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LHP: What are some of your biggest challenges you feel like you have to overcome in your writing career?

A World Unimagined, a sci-fi anthology by Left Hand Publishers
A World Unimagined, a sci-fi anthology by Left Hand Publishers

Jenean McBrearty: Our PC. culture that limits ideas, free expression, and anything that might actually be artistic or have an emotional impact. It strikes me as hilarious when publications wax eloquent on how they want transgressive, brave, raw, realistic, and daring material and then list all the restrictions which reduce everything to the consistency of kittens eating oatmeal on a sunny day. It’s just silly. I ignore it.

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LHP: Do you have a set number of words per day you target? or do you set other goals to meet?

Jenean McBrearty: I have one goal. Get the story inside on paper. If it takes 300 or 30,000 words, just get started and finish it. Writing to me is a lot like engineering. I need a prototype to work from. Changes always come later, and that may include rewriting the entire piece.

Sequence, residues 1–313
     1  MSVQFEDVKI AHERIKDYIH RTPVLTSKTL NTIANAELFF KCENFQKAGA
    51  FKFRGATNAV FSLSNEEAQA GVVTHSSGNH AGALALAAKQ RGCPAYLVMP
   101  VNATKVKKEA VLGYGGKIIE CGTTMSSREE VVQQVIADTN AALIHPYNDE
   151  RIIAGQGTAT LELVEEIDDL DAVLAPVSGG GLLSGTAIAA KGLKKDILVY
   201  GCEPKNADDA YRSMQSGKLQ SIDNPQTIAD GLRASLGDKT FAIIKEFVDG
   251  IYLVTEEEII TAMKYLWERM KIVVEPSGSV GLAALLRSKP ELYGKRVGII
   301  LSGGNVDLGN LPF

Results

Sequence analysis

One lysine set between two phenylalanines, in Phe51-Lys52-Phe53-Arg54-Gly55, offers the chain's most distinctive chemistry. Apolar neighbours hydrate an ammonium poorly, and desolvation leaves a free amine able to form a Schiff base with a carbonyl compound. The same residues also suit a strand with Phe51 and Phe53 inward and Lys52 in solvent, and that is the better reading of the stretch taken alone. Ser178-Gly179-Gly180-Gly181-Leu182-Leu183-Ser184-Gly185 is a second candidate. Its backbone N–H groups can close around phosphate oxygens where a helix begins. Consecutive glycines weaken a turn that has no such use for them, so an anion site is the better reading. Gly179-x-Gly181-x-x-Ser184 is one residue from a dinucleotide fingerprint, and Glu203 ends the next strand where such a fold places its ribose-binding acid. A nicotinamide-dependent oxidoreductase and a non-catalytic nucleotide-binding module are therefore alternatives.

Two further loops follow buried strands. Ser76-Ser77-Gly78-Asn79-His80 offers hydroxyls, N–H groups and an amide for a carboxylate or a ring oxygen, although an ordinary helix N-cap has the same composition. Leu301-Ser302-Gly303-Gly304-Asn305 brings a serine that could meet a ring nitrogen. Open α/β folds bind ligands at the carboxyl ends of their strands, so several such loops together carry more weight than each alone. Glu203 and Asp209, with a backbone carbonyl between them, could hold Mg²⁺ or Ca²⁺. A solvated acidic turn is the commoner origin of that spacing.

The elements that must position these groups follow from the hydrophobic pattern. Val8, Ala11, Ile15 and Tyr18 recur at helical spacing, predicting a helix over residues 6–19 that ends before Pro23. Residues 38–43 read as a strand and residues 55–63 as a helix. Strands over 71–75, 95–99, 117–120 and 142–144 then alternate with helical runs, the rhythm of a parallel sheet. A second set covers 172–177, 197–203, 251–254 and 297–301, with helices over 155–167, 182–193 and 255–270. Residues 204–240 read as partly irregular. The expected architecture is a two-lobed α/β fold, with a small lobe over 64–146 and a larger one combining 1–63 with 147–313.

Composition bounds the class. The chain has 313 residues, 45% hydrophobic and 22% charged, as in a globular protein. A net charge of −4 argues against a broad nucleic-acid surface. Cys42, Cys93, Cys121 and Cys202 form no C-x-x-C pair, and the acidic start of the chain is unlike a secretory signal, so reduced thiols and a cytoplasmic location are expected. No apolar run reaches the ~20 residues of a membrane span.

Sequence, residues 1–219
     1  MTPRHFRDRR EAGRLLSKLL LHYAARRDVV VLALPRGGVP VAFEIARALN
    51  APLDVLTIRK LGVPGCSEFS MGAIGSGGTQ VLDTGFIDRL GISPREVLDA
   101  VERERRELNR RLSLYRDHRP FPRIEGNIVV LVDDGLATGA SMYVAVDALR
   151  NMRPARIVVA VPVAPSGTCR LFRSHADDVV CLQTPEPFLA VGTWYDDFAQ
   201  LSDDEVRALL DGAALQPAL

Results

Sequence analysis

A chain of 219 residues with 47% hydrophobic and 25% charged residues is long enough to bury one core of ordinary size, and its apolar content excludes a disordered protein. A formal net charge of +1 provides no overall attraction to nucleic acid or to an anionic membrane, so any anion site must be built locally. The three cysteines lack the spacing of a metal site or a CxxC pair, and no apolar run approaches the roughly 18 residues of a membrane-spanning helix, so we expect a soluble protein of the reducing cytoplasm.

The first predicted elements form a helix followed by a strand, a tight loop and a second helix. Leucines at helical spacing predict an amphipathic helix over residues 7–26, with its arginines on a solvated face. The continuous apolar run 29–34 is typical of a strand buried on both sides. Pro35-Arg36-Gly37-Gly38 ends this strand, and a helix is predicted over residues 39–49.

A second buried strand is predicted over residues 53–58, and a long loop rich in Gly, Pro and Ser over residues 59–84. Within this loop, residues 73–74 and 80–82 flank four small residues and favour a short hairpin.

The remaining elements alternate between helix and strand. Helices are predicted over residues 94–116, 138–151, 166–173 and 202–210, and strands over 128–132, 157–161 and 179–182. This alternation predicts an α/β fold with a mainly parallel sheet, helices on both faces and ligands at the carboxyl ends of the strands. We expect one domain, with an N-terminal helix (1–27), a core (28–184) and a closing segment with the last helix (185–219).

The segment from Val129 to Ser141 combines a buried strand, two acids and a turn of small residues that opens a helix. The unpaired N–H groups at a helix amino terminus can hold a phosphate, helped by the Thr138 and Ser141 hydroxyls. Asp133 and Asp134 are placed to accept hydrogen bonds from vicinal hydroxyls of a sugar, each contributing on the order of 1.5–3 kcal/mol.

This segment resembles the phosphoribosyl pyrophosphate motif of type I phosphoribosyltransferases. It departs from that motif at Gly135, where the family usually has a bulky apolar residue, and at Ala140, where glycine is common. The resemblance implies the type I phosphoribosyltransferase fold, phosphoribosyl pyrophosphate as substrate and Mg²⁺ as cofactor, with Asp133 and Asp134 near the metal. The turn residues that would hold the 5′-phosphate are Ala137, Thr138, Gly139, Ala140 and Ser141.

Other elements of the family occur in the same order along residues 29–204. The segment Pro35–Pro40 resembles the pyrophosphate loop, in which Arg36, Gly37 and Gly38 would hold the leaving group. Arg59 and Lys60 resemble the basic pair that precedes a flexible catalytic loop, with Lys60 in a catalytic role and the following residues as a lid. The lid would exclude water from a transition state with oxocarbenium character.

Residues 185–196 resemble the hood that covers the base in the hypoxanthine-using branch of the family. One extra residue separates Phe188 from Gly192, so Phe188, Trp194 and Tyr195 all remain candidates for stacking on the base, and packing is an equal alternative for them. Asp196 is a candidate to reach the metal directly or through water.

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LHP: Do you prefer short stories or full length novels in your writing?

Jenean McBrearty: Again, it depends on the story. I’ve been told some of my short stories should be novel-length as they are packed solid, with “a lot going on.” I suppose it’s true for that reader or editor at least. The question for me is, whether I want to take the time to force a short story to become a novel or the reverse.
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LHP: How much time is spent on “the business of writing” – queries, seeking an agent or publisher, marketing/sales?

Jenean McBrearty: It depends on the material. Some stories I write for a targeted publication I know it will be accepted based on the call for submissions. Sometimes my material is quirkier, more controversial, or deeper than what the general market will bear, so I have to be very particular about who submit it to. That takes more research.